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10th International Conference

CONTROL OF POWER SYSTEMS 2012

May 15-17, 2012 Tatransk Matliare


High Tatras, Slovak Republic

POWER SYSTEM DYNAMICS MODELING


Mslo K.
EPS, a.s. Elektrrensk 774/2, 101 52 Prague, Czech Republic
maslo@ceps.cz
Abstract
Paper deals with power system dynamic modeling, especially from dynamic model verification point of view.
Keywords
Transmission System Operator (TSO), Dispatcher training simulator, Power system dynamic model
1

INTRODUCTION

According to obligations emerged from the European Union energy policy targets (Third Energy Package)
ENTSO-E (more information about ENTSO-E is in [1]) adopted a research and development (R&D) plan for
common network operation. Four aims are defined in the R&D Plan (according to [2]):
1.
2.
3.
4.

to identify the most suitable innovative grid architecture to cope effectively with the 2020 targets,
to understand and properly assess the impact and potential benefits of up to date transmission technology,
to design and validate novel monitoring and control methodologies of pan- European power system,
to develop shared electricity market simulators able to analyze options for market designs and rules.

The R&D Plan contains the basic work streams that are proposed to address the TSOs issues, like advanced and
innovative tools e.g. for coordinated operations with stability margin evaluation, for pan-European network
reliability assessment, for congestion management.
One of international projects named Umbrella covers these issues. Project has title: Toolbox for Common
Forecasting, Risk assessment, and Operational Optimization in Grid Security Cooperations of Transmission
System Operators (TSOs) and it is described briefly in chapter 2.
Other work stream of the R&D Plan proposes an improved training tool to ensure better coordination at regional
and pan-European level. Such a tool is described in chapter 4.
Dynamic models in some form should be part of both above mentioned tools. Credibility of such dynamic model
is a crucial requirement. Chapter 3 deals with this issue.
2

UMBRELA RESEARCH PROJECT

Following paragraphs were adopted from Umbrella description of work.


Transmission system operation is to a large degree influenced by growing share of electricity generation from
intermittent renewable energy sources as well as increasing market-based cross border flows and related physical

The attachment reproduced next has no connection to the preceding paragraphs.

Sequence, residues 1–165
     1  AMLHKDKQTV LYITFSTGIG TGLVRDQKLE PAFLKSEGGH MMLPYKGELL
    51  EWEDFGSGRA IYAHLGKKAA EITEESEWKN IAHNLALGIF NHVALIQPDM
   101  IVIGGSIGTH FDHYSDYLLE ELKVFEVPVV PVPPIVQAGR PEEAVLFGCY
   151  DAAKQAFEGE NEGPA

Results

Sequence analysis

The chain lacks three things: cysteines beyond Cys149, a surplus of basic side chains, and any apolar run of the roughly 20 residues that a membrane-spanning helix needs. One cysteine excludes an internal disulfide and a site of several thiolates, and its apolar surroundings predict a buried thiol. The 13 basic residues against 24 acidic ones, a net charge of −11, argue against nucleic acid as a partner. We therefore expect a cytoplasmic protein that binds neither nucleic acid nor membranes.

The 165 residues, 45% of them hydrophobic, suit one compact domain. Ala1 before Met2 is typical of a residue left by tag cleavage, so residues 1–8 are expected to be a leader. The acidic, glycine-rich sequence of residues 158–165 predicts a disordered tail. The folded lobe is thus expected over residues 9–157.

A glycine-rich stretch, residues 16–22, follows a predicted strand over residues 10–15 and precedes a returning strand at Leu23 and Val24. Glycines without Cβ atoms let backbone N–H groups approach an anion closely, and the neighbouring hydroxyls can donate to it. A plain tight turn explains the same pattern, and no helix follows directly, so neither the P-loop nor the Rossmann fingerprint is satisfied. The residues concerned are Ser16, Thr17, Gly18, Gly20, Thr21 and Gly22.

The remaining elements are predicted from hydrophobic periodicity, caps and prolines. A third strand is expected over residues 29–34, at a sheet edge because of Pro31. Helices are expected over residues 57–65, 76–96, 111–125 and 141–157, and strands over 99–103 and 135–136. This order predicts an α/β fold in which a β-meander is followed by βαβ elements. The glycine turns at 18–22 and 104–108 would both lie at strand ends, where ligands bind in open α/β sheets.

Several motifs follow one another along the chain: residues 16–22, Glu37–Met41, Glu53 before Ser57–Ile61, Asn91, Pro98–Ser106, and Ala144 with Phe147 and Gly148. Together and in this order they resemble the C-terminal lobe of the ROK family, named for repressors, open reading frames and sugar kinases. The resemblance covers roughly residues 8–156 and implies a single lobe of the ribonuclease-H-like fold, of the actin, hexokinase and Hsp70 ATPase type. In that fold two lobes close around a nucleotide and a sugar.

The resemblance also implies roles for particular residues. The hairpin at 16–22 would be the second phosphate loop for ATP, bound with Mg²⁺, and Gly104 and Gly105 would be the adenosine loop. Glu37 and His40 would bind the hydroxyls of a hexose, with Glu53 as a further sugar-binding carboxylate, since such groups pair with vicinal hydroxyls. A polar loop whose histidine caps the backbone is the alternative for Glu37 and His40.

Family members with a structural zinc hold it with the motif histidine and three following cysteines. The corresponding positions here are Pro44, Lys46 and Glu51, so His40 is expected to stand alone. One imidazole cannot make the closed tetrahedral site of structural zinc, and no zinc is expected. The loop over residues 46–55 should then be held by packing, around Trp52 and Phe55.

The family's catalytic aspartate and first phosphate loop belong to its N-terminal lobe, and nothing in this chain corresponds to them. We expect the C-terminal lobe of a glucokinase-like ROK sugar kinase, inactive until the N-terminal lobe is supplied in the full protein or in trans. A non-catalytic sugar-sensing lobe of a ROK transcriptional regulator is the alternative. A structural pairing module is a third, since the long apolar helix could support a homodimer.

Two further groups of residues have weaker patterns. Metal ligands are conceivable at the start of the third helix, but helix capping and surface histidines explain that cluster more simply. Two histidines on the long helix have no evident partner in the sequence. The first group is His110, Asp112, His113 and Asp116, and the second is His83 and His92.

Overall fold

flows. In the mainland central Europe synchronous area due to large installations of renewable energy generation
such as wind and photovoltaic, the difference between actual physical flows and the market exchanges can be
very substantial. Remedial actions were identified by previous smart grid studies in operational risk assessment,
flow control and operational flexibility measures for this area. At the same time an efficient and sustainable
power system requires an efficient usage of existing and future transmission capacities to provide a maximum of
transportation possibilities. New interconnections and devices for load flow control will be integrated in future
transmission networks and will offer new operational options. Further developments of coordinated grid security
tools are one of the major challenges TSOs will face in future.
The UMBRELLA research and demonstration project is designed for coping with these challenging issues. The
toolbox to be developed will enable TSOs to ensure secure grid operation also in future networks with high
penetration of intermittent renewables. The first of the three main objectives of the project is to develop a
dedicated innovative toolbox to support the grid security approach of TSOs, which shall include:
a. simulation of uncertainties due to market activities and renewables on different time scales from dayahead to real time,
b. optimization of corrective actions in reaction to simulated risks on different time scales according to
total costs and transmission capacities in the whole system,
c. development of risk based assessment concepts for anticipated system states with and without corrective
actions.
Present power system is indubitably very dynamic, so that some dynamic model should be part of the toolbox.

10th International Conference


CONTROL OF POWER SYSTEMS 2012

May 15-17, 2012 Tatransk Matliare


High Tatras, Slovak Republic

DYNAMIC MODEL VERIFICATION

Power system dynamic models (see e.g. [3]) are important part of different tools like network simulator
packages, dispatcher training simulators ([4]-[8]) or on-line Dynamic Security Assessment ([9][10][11]).
Verification is the most important process in creation of such dynamic models, which are necessary parts of
analytical tools. Without validated models is not possible to use any tools for load flow and stability analysis aof
power system. Especially if these tools are determined for on-line calculations. This chapter deals with typical
examples of such verification process based on comparing of simulation results with measured variables during